Mohanty: I would prefer to respond at the end of the discussion. Meanwhile, I am going to gather my thoughts.

Morin: I was wondering why are you, Mr Gendlin, referring to the life-world? Why are you talking of 'vague'? If you are referring to the world-horizons and the system of constitution, why use the concept of vague' here? Does it even occur in this context?

Gendlin: I think you are perfectly right. 'Vague' is a word that means [Page 104] nothing else than something other than 'structured patterns'. It means 'non-structured', 'non-patterned', so that life-world or preconceptual experience is called 'vague' or 'ambiguous' by those who think chiefly in terms of patterns, or forms, or structures, and you are right that I should not call it 'vague'.

Morin: What I am concerned with is that the first paper and also the second paper refer to life-world conceived as a kind of a 'habitual-world', that we are used to live in, to something that in Ricoeur's thought is 'a reflection on habit'. In one passage in Le Volontaire et l'Involontaire, he mentions the horizon as the monde de l'habitude, the world of habit; it is more than the horizon of the world as possibilities of constitutive patterns, it is an established way or a system of acquired habits, from which you go on to something new, more interesting, like learning to skate, for example. You acquire the skill of skating and then you may move on to something more interesting, like playing hockey, entering competitions, etc. The horizon would be understood as the established system of life already acquired upon which one is working, further establishing more complex modes. This is why I don't want to use in this connection the expression 'vague'. It is not at all 'vague'. The life-horizon is the already established background.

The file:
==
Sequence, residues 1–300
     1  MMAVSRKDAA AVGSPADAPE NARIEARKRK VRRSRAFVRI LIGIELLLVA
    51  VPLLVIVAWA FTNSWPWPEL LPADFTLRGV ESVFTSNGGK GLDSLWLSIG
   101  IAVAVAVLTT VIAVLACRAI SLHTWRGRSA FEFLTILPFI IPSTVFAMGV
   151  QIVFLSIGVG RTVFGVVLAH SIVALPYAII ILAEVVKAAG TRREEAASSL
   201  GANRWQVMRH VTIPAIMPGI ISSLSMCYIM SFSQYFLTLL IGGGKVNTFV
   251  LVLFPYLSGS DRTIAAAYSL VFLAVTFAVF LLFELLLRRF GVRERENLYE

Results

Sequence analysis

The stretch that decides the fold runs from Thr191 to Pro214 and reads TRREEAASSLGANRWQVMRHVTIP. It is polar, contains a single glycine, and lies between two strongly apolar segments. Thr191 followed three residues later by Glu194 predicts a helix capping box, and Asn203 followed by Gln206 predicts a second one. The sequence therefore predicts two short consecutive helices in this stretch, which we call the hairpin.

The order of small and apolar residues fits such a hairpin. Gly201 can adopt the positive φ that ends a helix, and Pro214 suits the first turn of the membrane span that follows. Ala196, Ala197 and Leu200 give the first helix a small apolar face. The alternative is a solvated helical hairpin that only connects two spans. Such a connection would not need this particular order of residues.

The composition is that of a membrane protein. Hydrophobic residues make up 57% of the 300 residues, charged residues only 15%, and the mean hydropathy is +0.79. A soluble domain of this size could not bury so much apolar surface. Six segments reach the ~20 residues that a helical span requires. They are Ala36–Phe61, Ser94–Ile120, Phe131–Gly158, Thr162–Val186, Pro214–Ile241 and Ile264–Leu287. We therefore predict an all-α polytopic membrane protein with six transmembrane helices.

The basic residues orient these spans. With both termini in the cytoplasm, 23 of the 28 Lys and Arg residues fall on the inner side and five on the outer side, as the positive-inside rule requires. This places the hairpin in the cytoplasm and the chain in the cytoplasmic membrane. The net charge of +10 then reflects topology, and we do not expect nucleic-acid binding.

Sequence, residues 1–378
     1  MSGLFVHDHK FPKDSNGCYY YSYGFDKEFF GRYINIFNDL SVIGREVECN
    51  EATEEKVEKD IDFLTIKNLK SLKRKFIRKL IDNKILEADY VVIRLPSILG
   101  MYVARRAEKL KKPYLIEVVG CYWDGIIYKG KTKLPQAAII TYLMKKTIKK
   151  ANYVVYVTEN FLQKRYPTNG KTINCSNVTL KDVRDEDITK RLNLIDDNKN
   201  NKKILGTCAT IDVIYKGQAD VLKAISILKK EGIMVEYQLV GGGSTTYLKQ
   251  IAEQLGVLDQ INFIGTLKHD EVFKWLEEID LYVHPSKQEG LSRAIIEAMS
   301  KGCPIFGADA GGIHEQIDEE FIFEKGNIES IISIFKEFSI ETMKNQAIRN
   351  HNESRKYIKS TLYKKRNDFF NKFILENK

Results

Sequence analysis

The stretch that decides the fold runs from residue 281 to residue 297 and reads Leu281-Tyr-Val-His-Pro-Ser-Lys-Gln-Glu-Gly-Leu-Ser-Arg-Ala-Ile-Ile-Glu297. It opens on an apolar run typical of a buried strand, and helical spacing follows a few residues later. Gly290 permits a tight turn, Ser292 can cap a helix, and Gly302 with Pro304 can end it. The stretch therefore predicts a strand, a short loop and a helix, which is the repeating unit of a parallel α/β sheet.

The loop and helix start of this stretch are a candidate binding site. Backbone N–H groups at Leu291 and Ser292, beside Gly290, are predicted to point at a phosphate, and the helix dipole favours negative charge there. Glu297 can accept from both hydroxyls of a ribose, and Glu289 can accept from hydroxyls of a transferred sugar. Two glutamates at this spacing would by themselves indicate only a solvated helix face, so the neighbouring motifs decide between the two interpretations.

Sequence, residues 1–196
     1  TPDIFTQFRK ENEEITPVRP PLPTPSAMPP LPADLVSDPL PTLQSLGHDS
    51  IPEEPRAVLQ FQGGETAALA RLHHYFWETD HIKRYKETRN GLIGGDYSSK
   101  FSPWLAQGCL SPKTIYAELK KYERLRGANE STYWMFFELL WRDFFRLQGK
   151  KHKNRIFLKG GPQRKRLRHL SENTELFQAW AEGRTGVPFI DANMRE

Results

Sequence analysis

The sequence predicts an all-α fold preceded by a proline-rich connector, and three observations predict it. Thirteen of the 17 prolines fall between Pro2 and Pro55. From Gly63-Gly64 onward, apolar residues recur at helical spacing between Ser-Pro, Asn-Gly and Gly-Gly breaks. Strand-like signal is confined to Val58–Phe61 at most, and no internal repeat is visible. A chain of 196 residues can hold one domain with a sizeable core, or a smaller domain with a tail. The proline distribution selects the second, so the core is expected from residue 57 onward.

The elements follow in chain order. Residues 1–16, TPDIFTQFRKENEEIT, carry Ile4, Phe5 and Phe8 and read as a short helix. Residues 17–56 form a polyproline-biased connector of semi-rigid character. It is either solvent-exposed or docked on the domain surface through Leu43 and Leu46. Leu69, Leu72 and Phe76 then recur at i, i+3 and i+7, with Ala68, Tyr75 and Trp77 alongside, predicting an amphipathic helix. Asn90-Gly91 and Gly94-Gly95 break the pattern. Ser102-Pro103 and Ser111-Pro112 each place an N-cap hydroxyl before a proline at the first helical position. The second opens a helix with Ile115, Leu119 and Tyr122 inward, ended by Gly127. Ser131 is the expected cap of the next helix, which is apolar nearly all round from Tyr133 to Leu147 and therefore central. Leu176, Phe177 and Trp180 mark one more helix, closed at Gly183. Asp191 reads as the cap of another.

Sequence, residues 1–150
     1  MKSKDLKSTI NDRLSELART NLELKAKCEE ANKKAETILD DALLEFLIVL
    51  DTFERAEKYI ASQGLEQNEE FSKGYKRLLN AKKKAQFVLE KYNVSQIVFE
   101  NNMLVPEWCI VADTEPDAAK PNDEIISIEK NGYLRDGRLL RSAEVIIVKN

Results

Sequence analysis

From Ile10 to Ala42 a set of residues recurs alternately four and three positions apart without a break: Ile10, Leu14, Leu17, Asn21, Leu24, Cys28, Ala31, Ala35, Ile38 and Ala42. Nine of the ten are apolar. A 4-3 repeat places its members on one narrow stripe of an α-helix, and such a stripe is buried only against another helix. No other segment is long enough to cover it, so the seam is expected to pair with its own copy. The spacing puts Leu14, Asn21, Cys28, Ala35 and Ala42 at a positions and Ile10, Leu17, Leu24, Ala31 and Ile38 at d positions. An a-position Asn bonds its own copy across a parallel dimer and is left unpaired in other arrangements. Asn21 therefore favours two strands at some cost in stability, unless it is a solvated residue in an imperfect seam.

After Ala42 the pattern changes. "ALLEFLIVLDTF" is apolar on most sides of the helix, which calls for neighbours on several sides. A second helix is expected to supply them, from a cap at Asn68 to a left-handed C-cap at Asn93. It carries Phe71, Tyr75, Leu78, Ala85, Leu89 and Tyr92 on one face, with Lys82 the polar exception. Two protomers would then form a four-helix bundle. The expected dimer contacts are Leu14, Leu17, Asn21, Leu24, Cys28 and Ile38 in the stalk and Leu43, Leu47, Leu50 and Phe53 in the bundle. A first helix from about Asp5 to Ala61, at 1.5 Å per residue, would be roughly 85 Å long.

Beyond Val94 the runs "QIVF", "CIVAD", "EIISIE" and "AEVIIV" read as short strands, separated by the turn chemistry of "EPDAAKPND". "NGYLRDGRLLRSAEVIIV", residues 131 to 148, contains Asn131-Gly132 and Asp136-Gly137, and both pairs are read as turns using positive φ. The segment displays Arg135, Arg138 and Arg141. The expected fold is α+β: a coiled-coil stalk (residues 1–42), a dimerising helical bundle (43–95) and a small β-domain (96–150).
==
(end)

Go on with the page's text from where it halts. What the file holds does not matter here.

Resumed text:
Gendlin: I think you are right. It would be silly to say that living is vague, giving an absolute priority to concepts. It is only called 'vague' with respect to the way we would like to grasp it, or with respect to the steps of thought, or structures we would have to apply in order to do so and which its nature eludes; but what we want to grasp is, in fact, inherent in it. By our attempts to grasp it we unfold this virtual structure and structurize it further on higher levels.

[End of excerpt. No further contributions from Eugene Gendlin.]
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  • Biographic Note: Eugene T. Gendlin is a seminal American philosopher and psychologist. He received his Ph.D. in philosophy from the University of Chicago and taught there from 1963 to 1995. His philosophical work is concerned especially with the relationship between logic and implicit intricacy. Philosophy books include Experiencing and the Creation of Meaning, Language Beyond Post-Modernism: Saying and Thinking in Gendlin's Philosophy edited by David Michael Levin, (fourteen commentaries and Gendlin’s replies), and A Process Model. There is a world wide network of applications and practices (http://www.focusing.org) stemming from this philosophy. Gendlin has been honored three times by the American Psychological Association for his development of Experiential Psychotherapy. He was a founder and editor for many years of the Association’s Clinical Division Journal, Psychotherapy: Theory, Research and Practice. His book Focusing has sold over half a million copies and has appeared in seventeen languages. His psychology-related books are Let Your Body Interpret Your Dreams and Focusing-Oriented Psychotherapy.